Talking with children about tragedy
Sunday's nightclub terror attack in Orlando become the focus of worldwide attention since it happened. When police say a gunman opened fire inside the LGBT club, 49 people were killed and 53 others were injured
When it comes to talking to your kids about what happened, a licensed mental health counselor says parents should process their own thoughts before they try and convey any information to their children. But for some ages, it may be appropriate to not mention the tragedy at all.
"Depending on their developmental stage, under 7 or 8 years old, it's recommended that you may not even need to have a conversation about it," Jessica O'Brien said. "If you're afraid that they're going to hear about it from somewhere else, or that they've already heard something, you may want to have a short sentence. For example: 'something bad happened, and someone hurt some other people'".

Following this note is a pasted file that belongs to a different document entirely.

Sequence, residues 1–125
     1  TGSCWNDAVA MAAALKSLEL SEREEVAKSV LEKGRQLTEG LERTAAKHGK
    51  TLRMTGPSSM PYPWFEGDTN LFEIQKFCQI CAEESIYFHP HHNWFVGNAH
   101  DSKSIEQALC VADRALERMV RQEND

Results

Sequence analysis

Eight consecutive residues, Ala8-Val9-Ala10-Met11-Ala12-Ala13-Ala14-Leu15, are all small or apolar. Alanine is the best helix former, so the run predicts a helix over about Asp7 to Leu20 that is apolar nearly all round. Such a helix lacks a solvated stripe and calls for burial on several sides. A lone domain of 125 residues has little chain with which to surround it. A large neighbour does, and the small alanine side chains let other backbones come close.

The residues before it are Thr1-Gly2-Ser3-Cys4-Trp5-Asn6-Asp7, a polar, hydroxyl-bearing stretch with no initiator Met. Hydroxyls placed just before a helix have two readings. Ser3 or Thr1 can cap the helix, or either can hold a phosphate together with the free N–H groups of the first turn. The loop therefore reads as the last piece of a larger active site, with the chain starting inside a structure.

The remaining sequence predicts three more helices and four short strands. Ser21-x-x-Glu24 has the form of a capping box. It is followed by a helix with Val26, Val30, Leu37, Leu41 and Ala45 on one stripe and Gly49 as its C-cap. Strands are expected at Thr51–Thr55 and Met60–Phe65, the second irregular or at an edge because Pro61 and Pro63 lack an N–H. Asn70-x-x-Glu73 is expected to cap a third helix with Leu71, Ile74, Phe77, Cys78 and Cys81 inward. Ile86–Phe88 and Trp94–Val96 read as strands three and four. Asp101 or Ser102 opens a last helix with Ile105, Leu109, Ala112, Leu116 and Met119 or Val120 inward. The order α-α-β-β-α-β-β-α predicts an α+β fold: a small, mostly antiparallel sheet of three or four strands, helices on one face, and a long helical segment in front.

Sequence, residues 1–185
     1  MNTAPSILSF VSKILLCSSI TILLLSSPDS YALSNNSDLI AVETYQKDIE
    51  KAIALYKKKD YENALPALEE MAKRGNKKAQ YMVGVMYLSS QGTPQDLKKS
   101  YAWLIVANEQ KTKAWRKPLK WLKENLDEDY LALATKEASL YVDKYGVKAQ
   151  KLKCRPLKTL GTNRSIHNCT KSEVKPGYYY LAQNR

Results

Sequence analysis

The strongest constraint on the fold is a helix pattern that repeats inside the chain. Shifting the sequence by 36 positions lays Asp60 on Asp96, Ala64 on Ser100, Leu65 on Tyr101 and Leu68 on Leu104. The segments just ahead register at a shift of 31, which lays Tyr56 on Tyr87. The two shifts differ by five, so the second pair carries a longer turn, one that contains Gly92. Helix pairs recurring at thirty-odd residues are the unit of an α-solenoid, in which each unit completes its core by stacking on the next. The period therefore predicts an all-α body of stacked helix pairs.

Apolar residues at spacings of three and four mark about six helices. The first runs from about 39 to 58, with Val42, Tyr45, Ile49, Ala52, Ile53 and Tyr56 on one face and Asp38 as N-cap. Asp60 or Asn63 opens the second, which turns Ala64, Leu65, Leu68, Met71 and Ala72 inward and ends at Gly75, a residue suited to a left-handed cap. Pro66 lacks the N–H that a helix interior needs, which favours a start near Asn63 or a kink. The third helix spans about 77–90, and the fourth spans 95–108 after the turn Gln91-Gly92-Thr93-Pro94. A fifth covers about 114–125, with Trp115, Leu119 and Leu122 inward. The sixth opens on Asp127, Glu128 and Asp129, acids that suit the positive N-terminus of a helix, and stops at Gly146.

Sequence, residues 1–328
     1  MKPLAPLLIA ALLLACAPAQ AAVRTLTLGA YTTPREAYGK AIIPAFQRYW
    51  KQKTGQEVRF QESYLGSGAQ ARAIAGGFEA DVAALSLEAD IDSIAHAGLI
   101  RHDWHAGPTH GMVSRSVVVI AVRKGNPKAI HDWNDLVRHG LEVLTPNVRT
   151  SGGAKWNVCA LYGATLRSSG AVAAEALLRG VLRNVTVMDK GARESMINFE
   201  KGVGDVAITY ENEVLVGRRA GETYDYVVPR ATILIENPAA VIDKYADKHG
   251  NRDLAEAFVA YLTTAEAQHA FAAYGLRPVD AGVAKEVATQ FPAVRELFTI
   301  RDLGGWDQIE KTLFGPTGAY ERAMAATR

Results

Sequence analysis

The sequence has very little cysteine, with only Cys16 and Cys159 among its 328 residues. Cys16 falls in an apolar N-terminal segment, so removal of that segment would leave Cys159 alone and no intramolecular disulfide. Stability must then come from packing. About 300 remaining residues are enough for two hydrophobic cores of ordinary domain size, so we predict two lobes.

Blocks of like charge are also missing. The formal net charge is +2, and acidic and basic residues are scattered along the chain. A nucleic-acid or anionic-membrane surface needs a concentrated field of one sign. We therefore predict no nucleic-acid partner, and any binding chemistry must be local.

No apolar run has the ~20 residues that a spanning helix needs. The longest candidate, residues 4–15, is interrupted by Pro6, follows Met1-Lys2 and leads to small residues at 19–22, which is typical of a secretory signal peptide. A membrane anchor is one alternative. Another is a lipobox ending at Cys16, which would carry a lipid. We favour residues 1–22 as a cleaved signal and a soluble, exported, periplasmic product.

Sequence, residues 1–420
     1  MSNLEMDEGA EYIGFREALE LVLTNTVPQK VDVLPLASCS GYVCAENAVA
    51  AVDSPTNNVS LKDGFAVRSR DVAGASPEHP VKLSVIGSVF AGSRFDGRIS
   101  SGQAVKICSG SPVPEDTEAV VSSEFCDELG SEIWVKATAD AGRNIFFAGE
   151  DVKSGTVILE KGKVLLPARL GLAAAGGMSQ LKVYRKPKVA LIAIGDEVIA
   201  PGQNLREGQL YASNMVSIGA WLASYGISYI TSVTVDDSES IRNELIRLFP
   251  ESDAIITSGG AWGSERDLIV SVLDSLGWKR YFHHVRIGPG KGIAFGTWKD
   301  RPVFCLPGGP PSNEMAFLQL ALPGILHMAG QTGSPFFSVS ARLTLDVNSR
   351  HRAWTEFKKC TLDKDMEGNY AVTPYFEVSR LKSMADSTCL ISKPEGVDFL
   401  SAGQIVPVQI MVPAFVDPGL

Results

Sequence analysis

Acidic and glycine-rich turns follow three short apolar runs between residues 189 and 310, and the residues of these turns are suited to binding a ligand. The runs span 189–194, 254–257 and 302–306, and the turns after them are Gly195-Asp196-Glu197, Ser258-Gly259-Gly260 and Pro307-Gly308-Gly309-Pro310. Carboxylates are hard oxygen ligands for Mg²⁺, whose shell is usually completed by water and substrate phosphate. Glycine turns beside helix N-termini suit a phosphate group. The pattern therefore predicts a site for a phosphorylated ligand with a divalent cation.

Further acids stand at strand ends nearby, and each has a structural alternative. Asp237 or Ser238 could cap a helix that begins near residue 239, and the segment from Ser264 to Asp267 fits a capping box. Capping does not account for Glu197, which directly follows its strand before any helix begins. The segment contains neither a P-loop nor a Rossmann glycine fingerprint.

O'Brien recommends listening to your child's questions and feelings, and follow their lead when it comes to having a conversation about tragedy.
"Listen to their concerns. What do they know? You can ask them questions about how they are feeling," said O'Brien. "Limit details and specifics. They really don't need to know all of the details of what happened.
Experts say parents should refocus the conversation with young children on the positive aspects of their lives and instill a sense of control and safety within the family.
Teens and tweens might know more information from social media and television. But mental health professionals say you should still follow the child's lead and find out what they know after a tragedy.
"It might point to bigger questions, for example, 'What do you think should happen?' 'How would we fix this in the future so that it doesn't happen again?'" O'Brien said.
49 people were killed and more than 50 people were injured
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